18. Yeah, a good pole makes a difference. I got into poling for a bit...my most memorable poling trip was when I tried floating Apple Creek in low water, using only a pole. Didn't even bring a paddle. In a 15 ft. aluminum canoe. It actually worked pretty well; standing up in the center of the canoe, I could pole very well in all the shallow water, and when I came to a spot where there were two rocks I had to go between and there wasn't enough space between them, I could put more weight on one foot and lean the canoe to where the other side was out of the water, and slip through. Only problem
  19. Actually, no. Mary and I started out being that cautious (though not using tongs...we used a grocery bag to get the mail out of the box). As the science of how unlikely it is to spread the virus from mailed items, we followed the science, and now simply wash our hands after handling the mail, and let the mail sit overnight. Yes, that's still being overly cautious, but it costs us nothing and gives Mary a little more peace of mind. Fear? Or prudence? I don't really care.
  20. Get real. If you are living with family members...LIVING with them and not just visiting them, there are so many ways you can spread it to them that wearing a mask is pointless. I live with my wife. We seldom go anywhere around other people without going together. We are equally exposed. So it would be completely pointless to wear masks in the house or around just each other. In addition, one would hope that family members kinda know what each other have done and where they've been, and how likely they are to have been exposed. Fact is, there are a LOT of people who, when finding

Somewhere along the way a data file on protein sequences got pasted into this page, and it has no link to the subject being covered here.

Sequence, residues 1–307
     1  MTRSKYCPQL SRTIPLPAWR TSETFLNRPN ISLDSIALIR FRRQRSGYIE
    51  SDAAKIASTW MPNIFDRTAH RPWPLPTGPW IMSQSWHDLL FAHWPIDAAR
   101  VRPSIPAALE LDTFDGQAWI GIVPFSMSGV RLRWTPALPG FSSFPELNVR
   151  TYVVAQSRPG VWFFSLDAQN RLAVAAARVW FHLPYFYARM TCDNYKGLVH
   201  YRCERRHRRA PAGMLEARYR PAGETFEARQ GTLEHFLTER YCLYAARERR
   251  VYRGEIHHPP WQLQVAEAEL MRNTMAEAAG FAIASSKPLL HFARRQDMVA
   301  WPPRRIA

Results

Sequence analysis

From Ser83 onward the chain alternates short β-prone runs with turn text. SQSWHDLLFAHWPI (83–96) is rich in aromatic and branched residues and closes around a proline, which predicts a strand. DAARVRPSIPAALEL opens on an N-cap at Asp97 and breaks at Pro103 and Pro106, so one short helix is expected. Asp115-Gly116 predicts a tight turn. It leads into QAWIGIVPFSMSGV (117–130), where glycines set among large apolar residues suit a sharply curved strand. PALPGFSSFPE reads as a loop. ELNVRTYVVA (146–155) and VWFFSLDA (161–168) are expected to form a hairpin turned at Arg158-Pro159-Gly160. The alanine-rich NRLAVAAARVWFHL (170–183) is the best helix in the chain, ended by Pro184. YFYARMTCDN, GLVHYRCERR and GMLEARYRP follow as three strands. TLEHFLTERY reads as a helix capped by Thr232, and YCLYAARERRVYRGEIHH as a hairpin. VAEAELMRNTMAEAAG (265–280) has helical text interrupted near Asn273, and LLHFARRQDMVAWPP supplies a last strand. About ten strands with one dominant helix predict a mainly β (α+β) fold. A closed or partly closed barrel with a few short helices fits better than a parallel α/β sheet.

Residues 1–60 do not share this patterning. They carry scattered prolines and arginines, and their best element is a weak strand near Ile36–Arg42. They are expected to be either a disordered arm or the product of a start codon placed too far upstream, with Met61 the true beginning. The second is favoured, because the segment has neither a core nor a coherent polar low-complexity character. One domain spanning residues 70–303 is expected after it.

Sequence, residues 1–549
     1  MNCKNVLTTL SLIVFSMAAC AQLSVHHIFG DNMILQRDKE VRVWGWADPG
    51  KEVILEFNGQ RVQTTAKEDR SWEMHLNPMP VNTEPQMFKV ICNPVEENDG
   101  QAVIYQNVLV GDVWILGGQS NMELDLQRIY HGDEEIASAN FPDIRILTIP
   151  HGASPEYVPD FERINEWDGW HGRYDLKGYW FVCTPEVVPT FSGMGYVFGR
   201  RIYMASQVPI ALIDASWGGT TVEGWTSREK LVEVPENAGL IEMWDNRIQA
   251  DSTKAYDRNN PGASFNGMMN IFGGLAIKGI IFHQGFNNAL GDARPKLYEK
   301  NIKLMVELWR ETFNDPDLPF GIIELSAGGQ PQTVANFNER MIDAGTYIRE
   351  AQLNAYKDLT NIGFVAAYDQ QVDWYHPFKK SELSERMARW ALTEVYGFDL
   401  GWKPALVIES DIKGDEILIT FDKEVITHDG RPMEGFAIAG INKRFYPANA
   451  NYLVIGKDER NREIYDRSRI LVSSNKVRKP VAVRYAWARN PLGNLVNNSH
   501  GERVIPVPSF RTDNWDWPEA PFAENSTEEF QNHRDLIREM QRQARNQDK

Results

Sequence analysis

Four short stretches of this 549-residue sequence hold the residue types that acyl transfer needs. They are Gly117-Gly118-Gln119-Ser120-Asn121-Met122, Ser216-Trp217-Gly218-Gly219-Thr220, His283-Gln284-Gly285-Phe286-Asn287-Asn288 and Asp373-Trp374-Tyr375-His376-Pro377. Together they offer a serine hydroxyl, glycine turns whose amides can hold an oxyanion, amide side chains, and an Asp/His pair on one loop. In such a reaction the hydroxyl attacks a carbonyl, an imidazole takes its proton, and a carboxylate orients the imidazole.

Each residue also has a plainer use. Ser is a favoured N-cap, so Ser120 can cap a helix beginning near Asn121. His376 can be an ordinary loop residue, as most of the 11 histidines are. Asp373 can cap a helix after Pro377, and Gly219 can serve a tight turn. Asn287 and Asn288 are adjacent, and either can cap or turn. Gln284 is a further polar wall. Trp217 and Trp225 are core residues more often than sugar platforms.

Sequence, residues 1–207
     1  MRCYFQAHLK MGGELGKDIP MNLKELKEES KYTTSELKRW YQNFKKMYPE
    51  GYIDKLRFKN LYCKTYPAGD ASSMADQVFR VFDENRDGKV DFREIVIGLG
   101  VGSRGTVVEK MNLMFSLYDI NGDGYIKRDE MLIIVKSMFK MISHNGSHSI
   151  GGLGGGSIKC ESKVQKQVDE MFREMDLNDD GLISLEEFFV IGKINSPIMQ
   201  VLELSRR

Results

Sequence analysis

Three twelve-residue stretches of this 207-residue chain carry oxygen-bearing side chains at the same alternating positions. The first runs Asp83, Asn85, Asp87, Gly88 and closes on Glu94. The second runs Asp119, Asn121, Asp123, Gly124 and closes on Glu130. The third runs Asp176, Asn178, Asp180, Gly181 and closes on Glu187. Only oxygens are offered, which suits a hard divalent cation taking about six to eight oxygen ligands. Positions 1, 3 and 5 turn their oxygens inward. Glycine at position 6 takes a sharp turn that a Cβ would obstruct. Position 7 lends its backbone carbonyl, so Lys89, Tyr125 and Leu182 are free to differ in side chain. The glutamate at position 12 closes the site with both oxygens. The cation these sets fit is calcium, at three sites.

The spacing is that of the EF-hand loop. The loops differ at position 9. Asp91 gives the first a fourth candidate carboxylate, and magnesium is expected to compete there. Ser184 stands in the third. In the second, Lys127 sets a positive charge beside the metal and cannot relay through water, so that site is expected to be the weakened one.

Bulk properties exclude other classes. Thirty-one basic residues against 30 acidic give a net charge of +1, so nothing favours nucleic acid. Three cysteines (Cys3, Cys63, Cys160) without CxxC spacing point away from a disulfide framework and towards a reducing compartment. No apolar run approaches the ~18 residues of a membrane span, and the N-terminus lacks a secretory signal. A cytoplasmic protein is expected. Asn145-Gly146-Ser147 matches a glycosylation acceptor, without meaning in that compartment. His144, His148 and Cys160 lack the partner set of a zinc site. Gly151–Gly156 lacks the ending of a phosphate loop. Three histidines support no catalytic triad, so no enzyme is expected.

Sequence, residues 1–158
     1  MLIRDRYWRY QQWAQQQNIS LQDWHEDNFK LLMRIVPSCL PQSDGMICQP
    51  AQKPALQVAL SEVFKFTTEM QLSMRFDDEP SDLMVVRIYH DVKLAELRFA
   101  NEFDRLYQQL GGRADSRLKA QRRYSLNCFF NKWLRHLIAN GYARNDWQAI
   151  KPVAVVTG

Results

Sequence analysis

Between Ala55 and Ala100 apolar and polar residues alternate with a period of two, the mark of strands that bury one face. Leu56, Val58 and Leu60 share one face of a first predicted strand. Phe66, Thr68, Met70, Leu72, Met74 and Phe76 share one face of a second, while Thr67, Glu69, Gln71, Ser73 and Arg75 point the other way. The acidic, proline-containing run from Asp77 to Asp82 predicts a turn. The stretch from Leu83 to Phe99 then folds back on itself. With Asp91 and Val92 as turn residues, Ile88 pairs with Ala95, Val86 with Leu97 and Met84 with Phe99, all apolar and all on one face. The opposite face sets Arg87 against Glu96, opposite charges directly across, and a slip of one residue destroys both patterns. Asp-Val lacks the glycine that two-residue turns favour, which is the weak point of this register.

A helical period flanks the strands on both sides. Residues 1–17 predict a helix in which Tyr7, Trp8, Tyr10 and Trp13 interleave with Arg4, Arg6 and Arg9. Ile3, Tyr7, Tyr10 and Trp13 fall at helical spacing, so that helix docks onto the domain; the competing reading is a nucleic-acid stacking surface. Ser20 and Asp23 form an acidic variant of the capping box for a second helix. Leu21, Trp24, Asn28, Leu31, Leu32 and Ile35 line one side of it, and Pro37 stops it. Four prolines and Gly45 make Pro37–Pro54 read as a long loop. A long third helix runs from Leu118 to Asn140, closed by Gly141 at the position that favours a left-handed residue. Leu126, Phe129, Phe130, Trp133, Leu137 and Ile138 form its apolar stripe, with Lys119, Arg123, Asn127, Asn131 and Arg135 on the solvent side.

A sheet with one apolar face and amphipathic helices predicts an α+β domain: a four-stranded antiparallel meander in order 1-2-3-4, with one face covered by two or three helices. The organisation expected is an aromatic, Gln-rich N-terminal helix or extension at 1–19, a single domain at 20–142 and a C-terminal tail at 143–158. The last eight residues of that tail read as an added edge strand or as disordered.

21. But, you don't have to feel bad to have this virus and spread it. Geez, haven't you been paying attention? Of all the people I know who have it or have had it, nearly every one of them got it from somebody who didn't know at the time that they were infected. This has been repeated thousands of times just about everywhere. I think I even said that asymptomatic spread is actually one of the biggest problems and dangers with this virus. Unlike the flu, which as you said you know when you have it and don't go anywhere (or if you do go somewhere, other people probably can tell you have it and